In 2013, the MBL became an affiliate of the University of Chicago. However, this was not the first time that the two institutions considered setting-up an alliance. By 1900, after 12 years of operation, the MBL was in dire financial straights. The cost of running an ever-expanding research and teaching laboratory, independent of a university setting, had proved too costly to maintain. Then-director Charles Otis Whitman sought financial support for the MBL, which was offered by L.L. Nunn and a group of business representing the University of Chicago, in return for some simple expectations of financial accountability. The MBL Board of Trustees refused the offer, despite Whitman's wishes that it go through.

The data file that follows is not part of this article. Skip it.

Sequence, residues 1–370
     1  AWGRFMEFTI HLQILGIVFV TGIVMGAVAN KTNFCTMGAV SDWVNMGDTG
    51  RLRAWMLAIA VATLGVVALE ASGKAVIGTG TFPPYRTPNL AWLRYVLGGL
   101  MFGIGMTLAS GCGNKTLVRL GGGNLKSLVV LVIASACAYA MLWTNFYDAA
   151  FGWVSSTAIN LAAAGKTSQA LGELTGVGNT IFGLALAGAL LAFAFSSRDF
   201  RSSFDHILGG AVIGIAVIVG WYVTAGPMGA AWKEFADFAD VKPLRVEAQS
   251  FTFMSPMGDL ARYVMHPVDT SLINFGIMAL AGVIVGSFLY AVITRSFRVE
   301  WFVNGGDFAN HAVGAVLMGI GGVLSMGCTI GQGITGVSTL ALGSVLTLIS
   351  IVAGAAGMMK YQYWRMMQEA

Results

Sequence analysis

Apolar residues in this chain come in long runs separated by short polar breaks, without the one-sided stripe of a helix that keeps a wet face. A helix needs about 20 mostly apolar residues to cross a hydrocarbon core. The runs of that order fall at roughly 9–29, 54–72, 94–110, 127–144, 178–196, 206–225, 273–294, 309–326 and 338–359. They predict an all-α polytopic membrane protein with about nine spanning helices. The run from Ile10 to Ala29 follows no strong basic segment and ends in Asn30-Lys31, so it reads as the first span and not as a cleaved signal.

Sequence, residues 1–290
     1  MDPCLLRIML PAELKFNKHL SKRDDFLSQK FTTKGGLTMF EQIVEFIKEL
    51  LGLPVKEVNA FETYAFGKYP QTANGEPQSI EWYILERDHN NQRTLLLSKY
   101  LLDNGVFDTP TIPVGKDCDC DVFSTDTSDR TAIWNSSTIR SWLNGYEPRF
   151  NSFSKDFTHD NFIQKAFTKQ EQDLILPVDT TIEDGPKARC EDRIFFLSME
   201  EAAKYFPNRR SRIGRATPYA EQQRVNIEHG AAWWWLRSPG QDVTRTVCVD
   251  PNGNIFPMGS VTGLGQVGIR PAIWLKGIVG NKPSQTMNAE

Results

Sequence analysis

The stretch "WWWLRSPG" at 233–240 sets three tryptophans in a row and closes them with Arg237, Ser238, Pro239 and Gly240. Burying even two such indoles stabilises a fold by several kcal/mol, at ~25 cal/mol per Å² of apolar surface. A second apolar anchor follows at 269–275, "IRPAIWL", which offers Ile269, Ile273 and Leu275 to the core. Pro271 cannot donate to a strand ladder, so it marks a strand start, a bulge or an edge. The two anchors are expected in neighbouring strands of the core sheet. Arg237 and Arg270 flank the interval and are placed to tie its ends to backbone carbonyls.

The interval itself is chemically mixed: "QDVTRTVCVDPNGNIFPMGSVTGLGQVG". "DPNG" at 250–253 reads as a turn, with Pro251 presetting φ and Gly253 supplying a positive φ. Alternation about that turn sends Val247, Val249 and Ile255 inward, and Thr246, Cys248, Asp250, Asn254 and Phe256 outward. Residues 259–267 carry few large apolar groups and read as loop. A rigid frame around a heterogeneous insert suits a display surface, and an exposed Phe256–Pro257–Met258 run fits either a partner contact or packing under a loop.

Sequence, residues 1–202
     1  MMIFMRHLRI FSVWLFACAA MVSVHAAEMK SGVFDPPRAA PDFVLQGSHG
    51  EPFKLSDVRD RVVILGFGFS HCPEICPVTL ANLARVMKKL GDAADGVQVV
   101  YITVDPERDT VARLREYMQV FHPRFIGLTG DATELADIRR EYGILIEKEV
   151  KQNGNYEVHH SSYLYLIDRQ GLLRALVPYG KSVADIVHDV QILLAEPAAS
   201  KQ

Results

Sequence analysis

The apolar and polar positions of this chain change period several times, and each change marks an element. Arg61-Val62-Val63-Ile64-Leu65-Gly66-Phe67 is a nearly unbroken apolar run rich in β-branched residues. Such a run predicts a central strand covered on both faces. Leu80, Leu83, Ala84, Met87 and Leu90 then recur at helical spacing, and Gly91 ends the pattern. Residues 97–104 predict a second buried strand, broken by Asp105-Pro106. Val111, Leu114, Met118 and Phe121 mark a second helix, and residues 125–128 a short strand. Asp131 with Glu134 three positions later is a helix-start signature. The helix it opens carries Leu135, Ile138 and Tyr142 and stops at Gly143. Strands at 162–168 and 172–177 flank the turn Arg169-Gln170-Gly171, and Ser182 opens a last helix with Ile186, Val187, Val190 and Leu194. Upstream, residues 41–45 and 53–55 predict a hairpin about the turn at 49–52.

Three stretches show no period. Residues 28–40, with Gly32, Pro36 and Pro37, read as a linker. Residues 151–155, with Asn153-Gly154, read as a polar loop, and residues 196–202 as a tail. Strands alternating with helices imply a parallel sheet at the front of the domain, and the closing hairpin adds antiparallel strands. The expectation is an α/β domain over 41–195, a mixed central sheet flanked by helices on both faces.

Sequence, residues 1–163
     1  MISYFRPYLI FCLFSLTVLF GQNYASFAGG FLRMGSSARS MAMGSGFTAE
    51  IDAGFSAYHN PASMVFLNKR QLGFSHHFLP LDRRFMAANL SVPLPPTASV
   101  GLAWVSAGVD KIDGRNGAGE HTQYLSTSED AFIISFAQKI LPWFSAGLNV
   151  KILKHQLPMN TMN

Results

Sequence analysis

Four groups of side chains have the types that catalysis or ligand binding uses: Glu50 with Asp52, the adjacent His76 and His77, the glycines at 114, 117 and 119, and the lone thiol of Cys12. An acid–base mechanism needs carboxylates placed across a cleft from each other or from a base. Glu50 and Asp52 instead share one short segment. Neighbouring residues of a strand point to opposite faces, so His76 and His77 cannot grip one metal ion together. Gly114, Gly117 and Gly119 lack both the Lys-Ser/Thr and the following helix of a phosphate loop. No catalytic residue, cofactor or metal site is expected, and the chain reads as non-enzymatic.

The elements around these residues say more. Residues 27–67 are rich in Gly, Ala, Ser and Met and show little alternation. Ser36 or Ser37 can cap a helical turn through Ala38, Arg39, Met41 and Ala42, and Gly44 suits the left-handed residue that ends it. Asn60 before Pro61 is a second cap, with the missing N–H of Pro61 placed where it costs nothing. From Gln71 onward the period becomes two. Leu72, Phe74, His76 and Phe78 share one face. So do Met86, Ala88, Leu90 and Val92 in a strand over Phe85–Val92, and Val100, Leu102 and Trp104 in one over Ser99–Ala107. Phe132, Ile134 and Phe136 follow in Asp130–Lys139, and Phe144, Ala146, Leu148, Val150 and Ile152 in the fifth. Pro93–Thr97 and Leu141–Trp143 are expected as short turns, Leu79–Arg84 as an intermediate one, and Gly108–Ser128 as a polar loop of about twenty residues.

In addition to financial history, there is a long connection between the MBL and the University of Chicago in terms of research and education. Charles Otis Whitman, the founding director of the MBL, established the biology department at the University of Chicago in 1892. Among his first faculty members was Jacques Loeb, the noted biologist who became famous for his parthenogenesis experiments at the turn of the 20th century, and who also founded the MBL's Physiology course in 1893. The MBL's second director, Frank R. Lillie, arrived at the MBL in 1892 for the Embryology course. Whitman quickly directed his work towards cell lineage studies in freshwater mussels (Unio), and lured Lillie to University of Chicago to become his graduate student. Lillie graduated with his PhD in 1894, and after working at the University of Michigan and Vassar College for several years, returned to the University of Chicago as a professor in 1900. Lillie stayed with the department for the next 30 years.